[bsa_pro_ad_space id=1 link=same] [bsa_pro_ad_space id=2]

Skip to Content


Will fixed-odds racing betting take off in the U.S.?

By - 20 January 2022

Horse racing: one of the oldest of all sports, but what is its future within the modern-day sportsbook?

Experts from Pronet Gaming, SIS, Aspire Global, and Betegy discuss the potential for fixed-odds betting options in the United States, the impact tech innovation has had on the provision of racing data, and whether UK horse racing needs a ‘benign dictator’.

Will fixed-odds racing betting take off in the U.S.?

Alex Kornilov, CEO of Betegy: In truth, no-one knows just yet. US-based Betmakers are pioneering this space and it’s clearly the right move. Time will tell us how it will go, as it is riskier than floating odds, but it is essential, as it makes bettors comfortable as it looks more like a ‘fair deal’. For racing, you want to know the odds, as it is in effect telling you the ‘chance’ of winning.

This shift in mindset makes it easier to understand and get involved, as the price is in effect static. When it comes to setting the narrative, this also enables power rankings and a media conversation around it as it has a predicted outcome, which can further drive hype around the sport as it’s a commonly shared story that can be talked about.

Thomas Molloy, Sportsbook Product and Trading Director at Pronet Gaming: Absolutely it can, and it will. Wagering operators going online across the country need product to serve what will become a considerably larger captive audience than racing currently has in the US. Fixed-odds product will fit seamlessly into the sportsbook environment, and I believe that it can be a driving force in ensuring that the overall value of the racing market more than doubles.

Morten Hauge, Head of Sports, Aspire Global: There is no reason why it shouldn’t. It is a better experience in that punters know what odds they are getting when they place a bet, but it will be interesting to see how it plays out with smarter customers who will be looking to take advantage of any potential discrepancies. Ultimately, though, it should serve to increase the overall turnover in the market and that is of benefit to everyone.

Paul Witten, Commercial Director at SIS: There is significant opportunity for horse racing in the US. With state-by-state betting regulations changing, horse racing can capitalise on this by establishing a new self-sustaining model and we believe that fixed-odds betting can be a major part of that framework, benefiting all areas of the racing industry from horsemen to racetracks – as well as obviously attracting a new, younger audience to the sport.

There’s been plenty of talk about how the fixed-odds model could bring in a new set of bettors looking for something to bet on between other events, but for fixed-odds betting on horse racing to attract new bettors, it must be presented in a different way to pari-mutuel – such as a one-click bet, with bite-sized information available to help customers make informed decisions and feel more comfortable when engaging with the product.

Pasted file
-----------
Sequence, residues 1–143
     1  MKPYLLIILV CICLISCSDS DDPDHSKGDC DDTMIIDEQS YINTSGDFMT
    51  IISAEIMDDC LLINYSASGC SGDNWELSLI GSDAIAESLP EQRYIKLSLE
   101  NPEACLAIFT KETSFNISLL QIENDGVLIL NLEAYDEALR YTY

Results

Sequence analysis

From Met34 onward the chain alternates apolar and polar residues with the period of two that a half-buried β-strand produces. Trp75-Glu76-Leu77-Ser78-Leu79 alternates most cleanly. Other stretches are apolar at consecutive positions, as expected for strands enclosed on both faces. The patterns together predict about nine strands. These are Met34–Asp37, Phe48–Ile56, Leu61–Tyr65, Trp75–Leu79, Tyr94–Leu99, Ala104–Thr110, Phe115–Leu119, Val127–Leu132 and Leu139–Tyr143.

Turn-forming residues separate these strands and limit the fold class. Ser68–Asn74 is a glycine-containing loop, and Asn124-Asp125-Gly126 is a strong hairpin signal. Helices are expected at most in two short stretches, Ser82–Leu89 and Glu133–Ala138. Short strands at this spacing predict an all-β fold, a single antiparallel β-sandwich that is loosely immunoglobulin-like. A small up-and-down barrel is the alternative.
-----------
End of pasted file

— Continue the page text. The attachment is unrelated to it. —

Fixed odds also provide more opportunities to introduce new betting types, such as parlays and propositions, which aren’t available through the current tote offering. Ensuring that the fixed-odds offering is comprehensive, and offering the back-end trading, odds compiling services, and technologies for this to be successful will be critical as US states open up to fixed odds-on horseracing.

We recently launched SIS Content Services Inc., demonstrating our commitment to the US. For sportsbooks, we offer a full turnkey solution of real-time data and video feeds, and trading services on our portfolio of over 30,000 horse races, along with greyhound racing and esports betting. We also offer fixed-odds distribution for racetracks both domestically and globally to maximise revenue and attract new customers to the racing product.

We have experience in other global markets in introducing fixed-odds betting on racing, which has proven to be very successful in attracting new betting audiences and driving operator revenue and profitability. We are confident that it can complement the current pari-mutuel system, ultimately helping to grow the racing betting product in the U.S.

What impact has technology innovation had on the provision of racing data? Who benefits – operators, suppliers, or punters?

Thomas: Additional information, readily accessible at the fingertips of punters, helps to drive operator turnover and serves to increase both the confidence of the customer in placing a bet and the social licence of the sport. Every stakeholder benefits from the increased provision of racing data in all its forms.